About This Course
Welcome to the online course for CogWorks. This course is designed to familiarize students with powerful methods of data analysis, including state-of-the-art machine learning techniques. Ultimately, these concepts and tools will allow us to customize our own cognitive assistants!
The online section for this course can be broken down into the following components:
- Machine Learning
- Module 1: Perspectives on Machine Learning
- Module 2: Your First Classifier
- Module 3: Gradient-Based Learning
- Module 4: Back-Propagation
It is beneficial for students to have previous experience programming. While a relatively comprehensive introduction to Python is presented here, this course is not designed to serve as an introduction to programming.
Students are expected to have strong skills in mathematics. They will need to work with functions of multiple variables and have a keen ability to think visually about functions and mappings. Experience in trigonometry and pre-calculus is necessary. It is not necessary for students to have taken calculus or linear algebra, but some of these concepts will be used. Past CogWorks students did not have calculus and linear algebra experience, and completed this course with great success; it did require them to put in some extra individual effort to understand these concepts.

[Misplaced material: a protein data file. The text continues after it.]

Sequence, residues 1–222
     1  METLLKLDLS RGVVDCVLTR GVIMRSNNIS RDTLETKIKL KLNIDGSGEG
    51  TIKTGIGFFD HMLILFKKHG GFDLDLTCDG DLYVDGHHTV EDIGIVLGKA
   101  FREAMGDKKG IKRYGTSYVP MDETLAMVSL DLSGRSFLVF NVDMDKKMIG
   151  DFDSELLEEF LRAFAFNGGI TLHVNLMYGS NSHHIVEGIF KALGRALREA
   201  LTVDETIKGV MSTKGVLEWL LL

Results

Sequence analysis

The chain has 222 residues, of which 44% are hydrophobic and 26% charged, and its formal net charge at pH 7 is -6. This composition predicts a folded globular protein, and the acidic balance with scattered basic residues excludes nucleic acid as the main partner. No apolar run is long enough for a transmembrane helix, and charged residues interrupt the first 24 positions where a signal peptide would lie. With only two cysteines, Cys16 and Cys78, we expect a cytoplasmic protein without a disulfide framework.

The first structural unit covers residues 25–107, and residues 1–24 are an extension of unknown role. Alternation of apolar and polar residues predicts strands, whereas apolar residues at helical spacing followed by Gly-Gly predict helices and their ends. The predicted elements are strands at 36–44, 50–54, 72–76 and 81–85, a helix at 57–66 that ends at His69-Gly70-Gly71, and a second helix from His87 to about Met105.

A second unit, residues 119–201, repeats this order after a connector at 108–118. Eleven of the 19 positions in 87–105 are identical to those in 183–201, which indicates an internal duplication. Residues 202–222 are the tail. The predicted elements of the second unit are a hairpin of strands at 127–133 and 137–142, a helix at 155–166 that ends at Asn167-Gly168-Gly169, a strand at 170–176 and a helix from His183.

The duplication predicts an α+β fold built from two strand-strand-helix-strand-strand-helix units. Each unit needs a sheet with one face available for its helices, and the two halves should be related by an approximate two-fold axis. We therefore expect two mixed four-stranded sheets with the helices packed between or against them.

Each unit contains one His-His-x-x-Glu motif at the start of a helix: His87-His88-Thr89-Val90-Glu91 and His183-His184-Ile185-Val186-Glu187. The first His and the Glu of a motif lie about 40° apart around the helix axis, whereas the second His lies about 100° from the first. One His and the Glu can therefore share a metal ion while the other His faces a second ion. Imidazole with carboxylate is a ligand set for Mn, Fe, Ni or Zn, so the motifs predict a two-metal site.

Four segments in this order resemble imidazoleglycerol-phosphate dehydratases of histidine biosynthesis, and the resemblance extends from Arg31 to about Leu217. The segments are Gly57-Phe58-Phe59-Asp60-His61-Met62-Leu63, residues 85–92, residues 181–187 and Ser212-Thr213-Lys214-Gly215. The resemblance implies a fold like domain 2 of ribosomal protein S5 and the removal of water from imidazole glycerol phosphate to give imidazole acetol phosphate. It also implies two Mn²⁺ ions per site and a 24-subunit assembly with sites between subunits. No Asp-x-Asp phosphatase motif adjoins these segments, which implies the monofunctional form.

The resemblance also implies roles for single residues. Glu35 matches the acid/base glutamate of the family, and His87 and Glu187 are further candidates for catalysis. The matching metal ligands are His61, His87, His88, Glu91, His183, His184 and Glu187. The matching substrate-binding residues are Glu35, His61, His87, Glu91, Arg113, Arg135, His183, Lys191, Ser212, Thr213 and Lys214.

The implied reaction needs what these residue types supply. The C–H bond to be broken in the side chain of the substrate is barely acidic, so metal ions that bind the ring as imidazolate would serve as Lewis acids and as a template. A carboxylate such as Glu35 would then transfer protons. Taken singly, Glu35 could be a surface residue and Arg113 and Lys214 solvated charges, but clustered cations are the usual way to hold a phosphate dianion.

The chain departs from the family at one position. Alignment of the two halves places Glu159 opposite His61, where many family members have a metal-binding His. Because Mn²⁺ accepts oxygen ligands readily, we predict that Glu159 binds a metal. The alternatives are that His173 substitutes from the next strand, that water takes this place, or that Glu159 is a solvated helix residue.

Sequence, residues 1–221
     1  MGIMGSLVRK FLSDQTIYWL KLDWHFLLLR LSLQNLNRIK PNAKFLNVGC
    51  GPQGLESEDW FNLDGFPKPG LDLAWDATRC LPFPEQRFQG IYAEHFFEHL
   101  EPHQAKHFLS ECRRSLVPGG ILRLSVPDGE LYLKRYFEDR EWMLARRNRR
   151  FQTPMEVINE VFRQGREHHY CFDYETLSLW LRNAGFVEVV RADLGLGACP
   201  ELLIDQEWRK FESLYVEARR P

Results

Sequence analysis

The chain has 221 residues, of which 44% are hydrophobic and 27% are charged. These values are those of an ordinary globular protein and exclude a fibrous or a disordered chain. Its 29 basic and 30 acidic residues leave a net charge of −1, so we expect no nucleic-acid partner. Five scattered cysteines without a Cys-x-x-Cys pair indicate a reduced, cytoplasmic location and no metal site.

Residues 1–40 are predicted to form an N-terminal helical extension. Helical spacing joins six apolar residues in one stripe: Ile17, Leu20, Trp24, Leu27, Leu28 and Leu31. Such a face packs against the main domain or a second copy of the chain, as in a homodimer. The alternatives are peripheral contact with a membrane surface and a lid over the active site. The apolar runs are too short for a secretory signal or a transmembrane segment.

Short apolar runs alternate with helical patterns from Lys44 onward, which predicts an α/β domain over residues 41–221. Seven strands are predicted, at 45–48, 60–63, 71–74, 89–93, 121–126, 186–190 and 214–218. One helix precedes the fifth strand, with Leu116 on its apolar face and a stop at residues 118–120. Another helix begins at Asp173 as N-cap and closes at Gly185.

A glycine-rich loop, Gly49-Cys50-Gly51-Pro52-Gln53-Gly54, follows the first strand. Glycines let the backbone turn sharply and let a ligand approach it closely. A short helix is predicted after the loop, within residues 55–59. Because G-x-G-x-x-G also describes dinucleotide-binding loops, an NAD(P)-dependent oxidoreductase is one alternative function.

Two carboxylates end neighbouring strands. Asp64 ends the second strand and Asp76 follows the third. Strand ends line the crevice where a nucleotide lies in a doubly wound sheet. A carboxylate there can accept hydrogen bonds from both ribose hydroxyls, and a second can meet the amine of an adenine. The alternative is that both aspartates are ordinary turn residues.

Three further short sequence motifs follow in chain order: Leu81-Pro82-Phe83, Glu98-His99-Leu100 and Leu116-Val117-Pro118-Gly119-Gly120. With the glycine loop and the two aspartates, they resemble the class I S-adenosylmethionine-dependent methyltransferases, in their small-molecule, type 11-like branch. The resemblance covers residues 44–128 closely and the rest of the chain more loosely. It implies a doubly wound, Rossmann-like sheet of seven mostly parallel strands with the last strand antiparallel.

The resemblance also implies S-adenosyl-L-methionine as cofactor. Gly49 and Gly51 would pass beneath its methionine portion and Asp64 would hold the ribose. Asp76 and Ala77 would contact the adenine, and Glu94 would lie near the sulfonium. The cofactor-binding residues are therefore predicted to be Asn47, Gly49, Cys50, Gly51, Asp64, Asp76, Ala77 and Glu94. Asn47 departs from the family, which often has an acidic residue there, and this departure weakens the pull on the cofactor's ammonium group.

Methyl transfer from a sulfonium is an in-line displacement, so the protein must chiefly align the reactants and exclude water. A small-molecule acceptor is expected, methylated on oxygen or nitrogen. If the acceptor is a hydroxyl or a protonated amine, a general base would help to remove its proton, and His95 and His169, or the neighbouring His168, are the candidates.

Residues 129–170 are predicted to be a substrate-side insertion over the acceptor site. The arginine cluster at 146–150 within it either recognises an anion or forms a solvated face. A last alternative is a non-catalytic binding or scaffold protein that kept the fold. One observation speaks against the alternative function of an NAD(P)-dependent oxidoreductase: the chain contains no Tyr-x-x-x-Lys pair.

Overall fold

Interest, enthusiasm, and an attention for detail are all a must!
Ryan Soklaski is a technical staff member of Lincoln Laboratory’s Intelligence & Decision Technologies group. There, he researches machine learning techniques that are performant under data-restricted circumstances, and works as a core developer for a lab-internal machine learning library. Prior to joining the laboratory, Ryan earned his PhD in theoretical condensed matter physics at Washington University in St. Louis. His doctoral thesis involved conducting physics simulations on high-performance computing clusters to study the physical mechanisms that drive the glass formation process in metallic liquids. Ryan’s background in education includes working as a lead-instructor for an undergraduate physics course at Washington University, and as a graduate-level teaching assistant. His interests include methods of numerical analysis, developing software in Python, and quantum mechanics.
David Mascharka is a computer vision researcher in Lincoln Laboratory's Intelligence & Decision Technologies group. His work is aimed at enabling machines to reason about the visual world, while ensuring humans can understand the behavior of these models. Prior to joining the lab, David completed a B.S. in computer science and math and a B.A. in philosophy. His academic interests include trust and interpretability in machine systems, vision and language, and the philosophical intersections of technology and everyday life.
Zachary Ravichandran conducts computer vision research at MIT Lincoln Laboratory's Intelligence and Decision Technologies group. His work includes developing algorithms enabling real-time perception on mobile robotic platforms. He has also contributed to simulations designed for prototyping and evaluating complex, multi-disciplinary systems, with a focus on improving computer vision capabilities. Before joining the lab, Zac completed a B.S. in electrical engineering with a minor in computer science from Rensselaer Polytechnic Institute where he focused on machine learning, signal processing, and robotics.